By Arshad Mohammed
Washington Post Staff Writer
Wednesday, May 17, 2006
Verizon Communications Inc. yesterday denied that its local and mobile phone businesses had turned over customer calling records to the National Security Agency but did not address whether MCI Corp., the long-distance company it bought in January, may have done so.
The comments by Verizon followed a statement from BellSouth Corp. on Monday saying a preliminary investigation found that it had not given such customer information en masse to the NSA. A report last week in USA Today said the two companies and AT&T Inc. had done so to help the government fight terrorism.
USA Today said yesterday that it was confident of its coverage but that it would not dismiss the BellSouth and Verizon statements out of hand and would keep investigating the matter.
Industry analysts said it was possible that the government sought customer information only on long-distance calls. If that were the case, it probably would have approached the major long-distance companies in operation after the Sept. 11 attacks. Those included AT&T Corp., since acquired by SBC, which took the name AT&T Inc.; MCI; Sprint Corp., which has since merged with Nextel Communications Corp. to form Sprint Nextel Corp.; and Qwest Communications International Inc., whose former chairman and chief executive said last week that the company was asked to cooperate with the NSA but declined.
"How do you explain that BellSouth and Verizon were not asked but Qwest was asked? It may be because Qwest has a long-haul network, and thus is in a different position than those two companies," said Philip J. Weiser, a University of Colorado law professor and former Justice Department telecommunications specialist.
The report has triggered a national debate over whether gathering such information would be justified by the Sept. 11 attacks, prompted calls in Congress for an investigation, and led to class-action lawsuits against the three companies, which are by far the largest telephone service providers in the United States.
New York-based Verizon said yesterday that it would not confirm or deny any relationship with the NSA, but that "one of the most glaring and repeated falsehoods in the media reporting is the assertion that, in the aftermath of the 9/11 attacks, Verizon was approached by the NSA and entered into an arrangement to provide the NSA with data from its customers' domestic calls. This is false."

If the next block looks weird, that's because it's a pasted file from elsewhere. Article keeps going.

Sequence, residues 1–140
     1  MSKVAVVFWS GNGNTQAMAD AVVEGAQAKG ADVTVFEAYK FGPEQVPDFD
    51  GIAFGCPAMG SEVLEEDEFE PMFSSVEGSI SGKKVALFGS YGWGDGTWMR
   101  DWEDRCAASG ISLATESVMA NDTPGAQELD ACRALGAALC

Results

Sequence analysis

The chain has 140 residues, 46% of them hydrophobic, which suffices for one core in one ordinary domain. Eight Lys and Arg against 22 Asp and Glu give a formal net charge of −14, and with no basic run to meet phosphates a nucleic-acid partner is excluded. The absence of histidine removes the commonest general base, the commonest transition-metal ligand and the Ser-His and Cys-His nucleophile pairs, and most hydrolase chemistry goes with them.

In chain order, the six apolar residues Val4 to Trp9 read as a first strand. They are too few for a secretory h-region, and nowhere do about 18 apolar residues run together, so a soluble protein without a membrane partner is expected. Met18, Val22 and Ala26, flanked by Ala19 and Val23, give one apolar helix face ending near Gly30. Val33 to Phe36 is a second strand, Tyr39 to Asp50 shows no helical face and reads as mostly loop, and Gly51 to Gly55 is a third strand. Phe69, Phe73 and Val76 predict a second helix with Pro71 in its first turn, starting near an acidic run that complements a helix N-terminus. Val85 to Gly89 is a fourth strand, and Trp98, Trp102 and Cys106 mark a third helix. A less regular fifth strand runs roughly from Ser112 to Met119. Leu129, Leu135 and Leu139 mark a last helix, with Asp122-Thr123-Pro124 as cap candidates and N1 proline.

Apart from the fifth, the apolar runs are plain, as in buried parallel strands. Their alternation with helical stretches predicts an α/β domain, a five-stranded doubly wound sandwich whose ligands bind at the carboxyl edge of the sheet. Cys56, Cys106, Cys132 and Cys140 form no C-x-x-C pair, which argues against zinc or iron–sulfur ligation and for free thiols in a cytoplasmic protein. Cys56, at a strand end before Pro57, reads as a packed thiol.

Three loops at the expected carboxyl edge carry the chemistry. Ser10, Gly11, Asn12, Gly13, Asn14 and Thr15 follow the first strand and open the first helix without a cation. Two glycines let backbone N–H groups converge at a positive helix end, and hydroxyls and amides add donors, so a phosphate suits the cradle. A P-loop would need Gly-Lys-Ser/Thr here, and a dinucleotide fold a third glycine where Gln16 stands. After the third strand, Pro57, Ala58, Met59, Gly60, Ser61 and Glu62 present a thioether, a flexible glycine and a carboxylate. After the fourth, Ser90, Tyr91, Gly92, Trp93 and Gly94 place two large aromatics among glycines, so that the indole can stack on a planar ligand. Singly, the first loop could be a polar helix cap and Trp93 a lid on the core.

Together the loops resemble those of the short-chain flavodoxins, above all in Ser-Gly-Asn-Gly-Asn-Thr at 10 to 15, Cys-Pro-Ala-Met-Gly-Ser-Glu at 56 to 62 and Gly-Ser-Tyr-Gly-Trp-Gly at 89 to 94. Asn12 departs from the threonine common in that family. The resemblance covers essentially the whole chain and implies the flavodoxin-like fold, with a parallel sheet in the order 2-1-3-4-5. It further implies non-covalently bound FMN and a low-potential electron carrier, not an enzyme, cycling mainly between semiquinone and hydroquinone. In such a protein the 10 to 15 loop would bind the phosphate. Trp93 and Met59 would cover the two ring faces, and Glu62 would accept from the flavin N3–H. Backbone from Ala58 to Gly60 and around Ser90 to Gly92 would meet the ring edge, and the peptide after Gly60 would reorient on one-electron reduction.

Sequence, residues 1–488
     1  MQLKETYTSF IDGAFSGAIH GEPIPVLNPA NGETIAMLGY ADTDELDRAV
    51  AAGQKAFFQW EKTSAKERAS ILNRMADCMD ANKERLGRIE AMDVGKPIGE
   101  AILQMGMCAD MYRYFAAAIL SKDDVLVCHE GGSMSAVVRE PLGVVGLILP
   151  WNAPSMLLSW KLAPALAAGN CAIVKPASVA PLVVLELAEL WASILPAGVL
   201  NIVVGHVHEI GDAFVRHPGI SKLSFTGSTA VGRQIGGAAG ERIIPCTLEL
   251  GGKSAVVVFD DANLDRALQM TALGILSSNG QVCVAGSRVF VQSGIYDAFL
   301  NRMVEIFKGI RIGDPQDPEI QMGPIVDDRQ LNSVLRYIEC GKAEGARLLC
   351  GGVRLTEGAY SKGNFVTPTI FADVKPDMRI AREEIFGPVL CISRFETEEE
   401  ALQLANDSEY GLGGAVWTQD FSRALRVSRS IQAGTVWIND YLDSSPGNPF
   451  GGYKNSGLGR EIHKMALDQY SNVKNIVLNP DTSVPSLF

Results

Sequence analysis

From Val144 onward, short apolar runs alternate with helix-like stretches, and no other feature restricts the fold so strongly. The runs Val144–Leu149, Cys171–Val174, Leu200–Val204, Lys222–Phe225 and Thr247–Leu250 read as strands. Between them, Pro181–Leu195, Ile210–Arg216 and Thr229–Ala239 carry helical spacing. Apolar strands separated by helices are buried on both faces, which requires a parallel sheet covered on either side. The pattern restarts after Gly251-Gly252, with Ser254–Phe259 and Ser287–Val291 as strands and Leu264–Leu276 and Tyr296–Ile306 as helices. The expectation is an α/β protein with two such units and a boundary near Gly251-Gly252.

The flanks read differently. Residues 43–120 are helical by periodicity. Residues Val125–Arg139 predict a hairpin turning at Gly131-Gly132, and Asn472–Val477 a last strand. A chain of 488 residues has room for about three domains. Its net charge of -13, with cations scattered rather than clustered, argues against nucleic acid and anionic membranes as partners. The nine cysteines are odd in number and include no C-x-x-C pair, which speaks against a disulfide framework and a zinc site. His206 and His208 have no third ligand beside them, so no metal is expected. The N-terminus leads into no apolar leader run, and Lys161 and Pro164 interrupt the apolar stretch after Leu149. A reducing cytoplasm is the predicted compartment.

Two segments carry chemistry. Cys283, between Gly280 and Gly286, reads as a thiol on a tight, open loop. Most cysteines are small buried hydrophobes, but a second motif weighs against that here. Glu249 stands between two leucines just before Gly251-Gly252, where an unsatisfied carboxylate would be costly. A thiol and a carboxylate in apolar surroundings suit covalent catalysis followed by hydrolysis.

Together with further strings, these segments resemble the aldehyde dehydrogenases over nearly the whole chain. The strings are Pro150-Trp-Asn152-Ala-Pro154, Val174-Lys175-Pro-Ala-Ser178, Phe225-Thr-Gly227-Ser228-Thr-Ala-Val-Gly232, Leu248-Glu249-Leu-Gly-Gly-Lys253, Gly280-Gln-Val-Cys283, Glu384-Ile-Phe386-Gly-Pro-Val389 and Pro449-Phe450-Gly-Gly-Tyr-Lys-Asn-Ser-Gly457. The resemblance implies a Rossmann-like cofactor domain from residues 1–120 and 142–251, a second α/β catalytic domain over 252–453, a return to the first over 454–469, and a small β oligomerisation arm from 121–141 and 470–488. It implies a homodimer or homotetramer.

The statement outlined the three major businesses that Verizon ran between Sept. 11, 2001, and the MCI acquisition four months ago: wireline phone, wireless phone and directory publishing. The company "also had its own Internet service provider and long-distance businesses," the statement said. "Contrary to the media reports, Verizon was not asked by NSA to provide, nor did Verizon provide, customer phone records from any of these businesses, or any call data from those records.
"None of these companies -- wireless or wireline -- provided customer records or call data."
Verizon also denied published reports that information about local telephone calls is being tracked. "Phone companies do not even make records of local calls in most cases because the vast majority of customers are not billed per call for local calls," Verizon said. But it did not mention the MCI long-distance business.
AT&T declined to comment yesterday, as did Sprint Nextel.
The USA Today report said only records of telephone calls -- who called whom at what time and for how long -- were being collected by the NSA, and it stressed that calls themselves were not being monitored.
Yesterday, a reporter asked President Bush why Americans should not feel their privacy has been violated if the government collects lists of their calls. "The American people expect their government to protect them within the laws of this country, and I'm going to continue to do just that," Bush said.
"We got accused of not connecting dots prior to September the 11th. And we're going to connect dots to protect the American people within the law," he said, repeating his comments last week that congressional leaders had been briefed on the government's efforts, which he did not detail.
Staff researcher Julie Tate contributed to this report.